Value, V, ranges from 0.0 (dark) to 1.0 (bright). 

Pure Red is at H= 0, S=1, V=1.

Shades of gray all have S=0, with various values of V from 0.0 (black) to 1.0 (white).   For S = 0, Hue is undefined.

When  R, G, and B as well as S and V are defined over the range 0.0 to 1.0, these values are often represented in 8 bits with an integer value ranging from 0 to 255.

Foley, et al, in Computer Graphics Principles and Practice (Amazon link) [pages 590-593] describe the HSV color model as a single hexcone (versus the double-hexcone of the Hue-Lightness-Saturation color model).  While the text describes the space as a hexcone, the color plates (II.7 and II.8) show a circular   cone.

Implementation Details

The RGB/HSV conversions are in the HSVLibrary unit.  There are two sets of conversion routines.  When only a one-way conversion is needed from HSV to RGB, and the result is to be a TRGBTriple, the function  HSVtoRGBTriple can be used.  For a one-way conversion from a RGBTriple back to HSV quantities, use the RGBTripletoHSV.   These are "one-way" routines since the converted values are treated as integers.  See the actual code for implementation of these routines.

The RGBtoHSV and HSVtoRGB routines can be used when "reversible" conversions are needed.  Sometimes conversion from RGB to HSV is needed for some sort of HSV manipulation.  When complete, the HSV values must be converted back to RGB.  If floating-point values are not used to represent the converted values, integer truncation is not always desirable.

The "general" conversion routines are shown below (see the actual code for complete details):


  Math,        // MaxValue
  IEEE754,  // NaN, IsNaN
  SysUtils;    // Exception

  EColorError = CLASS(Exception);
  TReal = DOUBLE;


// RGB, each 0 to 255, to HSV.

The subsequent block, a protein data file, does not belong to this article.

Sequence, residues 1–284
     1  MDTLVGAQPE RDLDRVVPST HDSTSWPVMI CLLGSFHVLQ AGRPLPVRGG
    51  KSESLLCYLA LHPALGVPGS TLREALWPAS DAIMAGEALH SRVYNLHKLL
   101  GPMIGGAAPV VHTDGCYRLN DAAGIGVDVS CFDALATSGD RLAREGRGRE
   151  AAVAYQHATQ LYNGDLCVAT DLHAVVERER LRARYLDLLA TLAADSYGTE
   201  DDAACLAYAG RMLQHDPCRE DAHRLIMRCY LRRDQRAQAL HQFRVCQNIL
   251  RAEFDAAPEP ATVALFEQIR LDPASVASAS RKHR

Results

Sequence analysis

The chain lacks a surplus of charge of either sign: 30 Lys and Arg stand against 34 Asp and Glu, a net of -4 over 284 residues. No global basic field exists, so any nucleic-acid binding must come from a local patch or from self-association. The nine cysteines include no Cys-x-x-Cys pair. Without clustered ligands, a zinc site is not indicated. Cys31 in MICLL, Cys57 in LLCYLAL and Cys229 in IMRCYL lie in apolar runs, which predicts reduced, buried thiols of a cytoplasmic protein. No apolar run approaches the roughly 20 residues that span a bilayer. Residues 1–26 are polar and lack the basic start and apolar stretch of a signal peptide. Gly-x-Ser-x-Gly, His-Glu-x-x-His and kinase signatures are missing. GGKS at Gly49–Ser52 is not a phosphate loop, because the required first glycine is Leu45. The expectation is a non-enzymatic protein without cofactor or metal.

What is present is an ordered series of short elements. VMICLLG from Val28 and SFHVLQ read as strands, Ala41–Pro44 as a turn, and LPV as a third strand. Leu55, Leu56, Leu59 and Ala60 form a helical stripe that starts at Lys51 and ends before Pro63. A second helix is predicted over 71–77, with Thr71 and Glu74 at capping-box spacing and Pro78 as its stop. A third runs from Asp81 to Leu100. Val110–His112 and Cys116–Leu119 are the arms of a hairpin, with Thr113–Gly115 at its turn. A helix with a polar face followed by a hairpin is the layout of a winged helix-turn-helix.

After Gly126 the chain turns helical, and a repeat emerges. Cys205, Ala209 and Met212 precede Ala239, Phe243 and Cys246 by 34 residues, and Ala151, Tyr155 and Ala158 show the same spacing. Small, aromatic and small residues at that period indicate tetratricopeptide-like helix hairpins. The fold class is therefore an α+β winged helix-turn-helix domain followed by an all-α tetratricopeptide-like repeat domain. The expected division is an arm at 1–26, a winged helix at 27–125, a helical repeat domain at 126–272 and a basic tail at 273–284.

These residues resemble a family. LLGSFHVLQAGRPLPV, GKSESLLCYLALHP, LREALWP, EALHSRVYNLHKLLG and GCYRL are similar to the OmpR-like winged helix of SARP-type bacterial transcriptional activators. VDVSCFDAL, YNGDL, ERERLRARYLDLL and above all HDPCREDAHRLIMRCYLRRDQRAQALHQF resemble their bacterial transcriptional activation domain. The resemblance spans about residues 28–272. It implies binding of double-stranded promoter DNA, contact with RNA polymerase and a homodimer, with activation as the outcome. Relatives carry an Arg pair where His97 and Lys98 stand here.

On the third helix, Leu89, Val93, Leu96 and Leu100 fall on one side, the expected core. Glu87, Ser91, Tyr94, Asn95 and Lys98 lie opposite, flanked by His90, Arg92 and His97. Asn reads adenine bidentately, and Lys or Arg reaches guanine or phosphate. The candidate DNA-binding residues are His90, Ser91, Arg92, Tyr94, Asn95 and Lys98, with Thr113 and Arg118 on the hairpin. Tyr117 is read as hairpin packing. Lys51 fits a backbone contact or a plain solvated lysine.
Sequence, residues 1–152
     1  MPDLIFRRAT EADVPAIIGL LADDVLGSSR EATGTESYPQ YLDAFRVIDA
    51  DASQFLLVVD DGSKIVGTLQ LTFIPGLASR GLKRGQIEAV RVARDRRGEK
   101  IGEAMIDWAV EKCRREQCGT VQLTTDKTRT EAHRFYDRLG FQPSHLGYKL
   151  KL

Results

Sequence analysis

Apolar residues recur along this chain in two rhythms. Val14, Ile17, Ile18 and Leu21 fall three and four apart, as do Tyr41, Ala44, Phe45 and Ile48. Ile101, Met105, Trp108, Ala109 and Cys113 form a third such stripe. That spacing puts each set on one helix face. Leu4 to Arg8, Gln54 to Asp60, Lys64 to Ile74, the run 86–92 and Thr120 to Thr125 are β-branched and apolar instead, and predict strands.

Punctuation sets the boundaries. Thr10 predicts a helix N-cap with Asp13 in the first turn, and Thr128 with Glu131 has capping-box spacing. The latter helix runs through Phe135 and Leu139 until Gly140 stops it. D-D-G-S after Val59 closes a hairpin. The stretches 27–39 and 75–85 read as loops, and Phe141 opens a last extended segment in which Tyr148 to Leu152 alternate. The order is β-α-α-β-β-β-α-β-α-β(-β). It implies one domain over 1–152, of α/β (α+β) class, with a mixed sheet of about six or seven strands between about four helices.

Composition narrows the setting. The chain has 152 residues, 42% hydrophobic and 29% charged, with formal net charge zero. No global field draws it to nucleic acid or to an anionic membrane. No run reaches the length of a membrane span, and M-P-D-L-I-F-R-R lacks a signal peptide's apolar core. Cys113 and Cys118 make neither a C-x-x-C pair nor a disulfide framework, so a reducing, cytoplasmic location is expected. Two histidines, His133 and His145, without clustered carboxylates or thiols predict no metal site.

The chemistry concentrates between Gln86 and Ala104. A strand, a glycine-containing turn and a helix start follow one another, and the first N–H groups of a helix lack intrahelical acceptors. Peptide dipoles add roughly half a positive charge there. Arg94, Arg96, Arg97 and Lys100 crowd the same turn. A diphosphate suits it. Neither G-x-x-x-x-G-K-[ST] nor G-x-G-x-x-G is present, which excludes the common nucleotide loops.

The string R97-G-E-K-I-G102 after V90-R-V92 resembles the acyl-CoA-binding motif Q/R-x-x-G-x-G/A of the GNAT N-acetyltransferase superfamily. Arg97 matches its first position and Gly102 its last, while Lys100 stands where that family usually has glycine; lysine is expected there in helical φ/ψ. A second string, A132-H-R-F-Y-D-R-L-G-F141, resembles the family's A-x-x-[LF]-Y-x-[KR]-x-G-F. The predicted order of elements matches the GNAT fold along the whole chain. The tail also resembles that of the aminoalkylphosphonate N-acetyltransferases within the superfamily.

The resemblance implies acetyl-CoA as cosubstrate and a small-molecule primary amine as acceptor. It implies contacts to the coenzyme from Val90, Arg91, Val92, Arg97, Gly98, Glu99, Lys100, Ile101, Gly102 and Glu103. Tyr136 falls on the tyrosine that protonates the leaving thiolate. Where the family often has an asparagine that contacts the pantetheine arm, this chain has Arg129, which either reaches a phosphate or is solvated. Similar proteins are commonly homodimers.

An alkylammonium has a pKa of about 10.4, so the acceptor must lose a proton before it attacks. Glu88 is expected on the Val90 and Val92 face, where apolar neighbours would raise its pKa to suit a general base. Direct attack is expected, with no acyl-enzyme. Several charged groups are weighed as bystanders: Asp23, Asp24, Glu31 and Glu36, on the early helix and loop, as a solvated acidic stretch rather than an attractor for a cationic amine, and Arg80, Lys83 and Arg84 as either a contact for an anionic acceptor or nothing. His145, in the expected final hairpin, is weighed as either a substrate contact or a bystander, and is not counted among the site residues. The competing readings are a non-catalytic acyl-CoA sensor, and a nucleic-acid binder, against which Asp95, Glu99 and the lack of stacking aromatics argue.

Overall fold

// H = 0.0 to 360.0 (corresponding to 0..360.0 degrees around hexcone)
// S = 0.0 (shade of gray) to 1.0 (pure color)
// V = 0.0 (black) to 1.0 {white)

// Based on C Code in "Computer Graphics -- Principles and Practice,"
// Foley et al, 1996, p. 592.

    Delta: TReal;
    Min : TReal;
  Min := MinValue( [R, G, B] );    // USES Math
  V := MaxValue( [R, G, B] );

  Delta := V - Min;

  // Calculate saturation: saturation is 0 if r, g and b are all 0
  IF       V = 0.0
  THEN S := 0
  ELSE S := Delta / V;

  IF       S = 0.0
  THEN H := NaN    // Achromatic: When s = 0, h is undefined
  ELSE BEGIN       // Chromatic
    IF       R = V
    THEN // between yellow and magenta [degrees]
      H := 60.0 * (G - B) / Delta
      IF       G = V
      THEN // between cyan and yellow
        H := 120.0 + 60.0 * (B - R) / Delta
        IF       B = V
        THEN // between magenta and cyan
          H := 240.0 + 60.0 * (R - G) / Delta;

    IF H < 0.0
    THEN H := H + 360.0



// Based on C Code in "Computer Graphics -- Principles and Practice,"
// Foley et al, 1996, p. 593.
// H = 0.0 to 360.0 (corresponding to 0..360 degrees around hexcone)
// NaN (undefined) for S = 0
// S = 0.0 (shade of gray) to 1.0 (pure color)
// V = 0.0 (black) to 1.0 (white)

    f : TReal;
    i : INTEGER;
    hTemp: TReal; // since H is CONST parameter
    p,q,t: TReal;
  IF       S = 0.0    // color is on black-and-white center line